Annual Flowering Plants in Mississippi
No other group of flowering plants provides as much color as quickly and economically as annuals. Annual plants sprout from seed, flower, set seed, and die within one season. Many flowers, vegetables, and herbs are planted every year as annuals. Other plants may live longer in their native lands, but do not survive the heat or cold of the mid-south and are best treated as annuals.
Most annuals are planted in spring and are killed by frost in the fall. However, some, including pansies, ornamental cabbage, and dill are tolerant of our winters and are best planted in the fall for color throughout the winter. These are usually killed by the heat of early summer.
Some annuals, such as gomphrena, cosmos, and coreopsis reseed themselves, yielding several years of pleasure with minimal care. Annuals come in a variety of colors, heights, and textures, and their uses are almost unlimited. Unbeatable in masses of solid or mixed colors, annuals are also very effective in small groups or used to soften lines and accent borders.
Many annuals, especially compact varieties, are well suited for containers. Large annuals may be used as specimen or accent plants along the back of a flower or shrub border. Some annuals are vines that may be grown on fences, arbors, porch rails, or trellises.
Annuals are inexpensive, especially when grown from seed. However, they do require soil preparation, fertilization, irrigation, weeding, and pest control. Most are native to semiarid regions of the world and require full sunshine to survive.
Species such as impatiens are native to dark woodland floors and flourish in shady sites, such as covered patios, narrow courtyards, or heavily wooded sites.
Annual gardens are easily established in the smallest and most restrictive of spaces as well as the harsh conditions of a large suburban garden. Their relatively shallow root systems require only a modest amount of soil. Gardeners with sizable yards quickly learn the trick of planting one or two easy-to-grow beds of massed annuals to decorate patios, walks, or pools. Apartment dwellers can achieve a splash of color with a few well-placed pots, wash tubs, or planter boxes of annuals.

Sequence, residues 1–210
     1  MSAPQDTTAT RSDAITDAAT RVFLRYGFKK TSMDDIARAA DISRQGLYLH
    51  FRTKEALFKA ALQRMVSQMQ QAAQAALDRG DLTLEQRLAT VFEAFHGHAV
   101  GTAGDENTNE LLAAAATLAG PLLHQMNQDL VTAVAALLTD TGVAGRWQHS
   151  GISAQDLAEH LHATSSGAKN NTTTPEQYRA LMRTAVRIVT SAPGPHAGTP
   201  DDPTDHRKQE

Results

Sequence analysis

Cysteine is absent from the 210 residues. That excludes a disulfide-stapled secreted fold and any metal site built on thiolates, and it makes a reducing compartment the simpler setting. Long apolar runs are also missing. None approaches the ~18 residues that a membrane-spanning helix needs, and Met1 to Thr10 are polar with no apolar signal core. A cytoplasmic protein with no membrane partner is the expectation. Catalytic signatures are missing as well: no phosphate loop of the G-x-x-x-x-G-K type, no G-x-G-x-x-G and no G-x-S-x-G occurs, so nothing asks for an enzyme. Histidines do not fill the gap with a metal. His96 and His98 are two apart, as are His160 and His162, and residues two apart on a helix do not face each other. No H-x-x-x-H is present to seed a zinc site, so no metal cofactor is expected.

Annuals that need full sun, such as periwinkle and marigold, grow and flower best when they receive at least 4 to 6 hours of direct sunlight each day. Woodland species perform best under partial to heavy shade.
Prevent root diseases and other problems associated with waterlogged soil by avoiding areas where water stands after a heavy rain. Also avoid areas near large trees and shrubs that may have many greedy, thirsty feeder roots.
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This past weekend, I started planting cool-season color in my 25-gallon citrus containers.
I like underplanting in these containers for a couple of reasons. First, I can maintain a color pop through the year. And second, these annuals act as a colorful ground cover carpet that helps keep weeds at bay. I really do hate weeding, and even plants grown in containers need help with weed control.
You’ve got a lovely container, and you want to put a plant in it. But if that container doesn’t have drainage holes, you’ll end up with a dead plant. (Photo by Jonathan Parrish/Cindy Callahan)
I love the annual color we can grow all winter in most of our Mississippi gardens and landscapes, so I'm going to spend a few weeks concentrating on cool-season color. Dianthus is my first choice for fall color.
The fall and winter seasons mean it’s time for colorful pansy, viola and dianthus. But the changing seasons also mean that home gardeners who grow citrus will soon harvest delicious fruit -- satsuma, kumquat, Meyer lemon, oh my!
Those of you who keep up with Southern Gardening know that I’m a real fan of salvias.
One reason I like them is there are so many different types to choose from. I particularly like salvia farinacea, commonly called mealy cup sage or blue sage, for its landscape performance. These are tough plants, perfect for our Mississippi landscapes.
Before she became the Hancock County Youth Court judge, Elise Deano was a school teacher. She jokes that she became a lawyer because she taught school, but Deano wants to make sure young people get an opportunity to turn their lives around.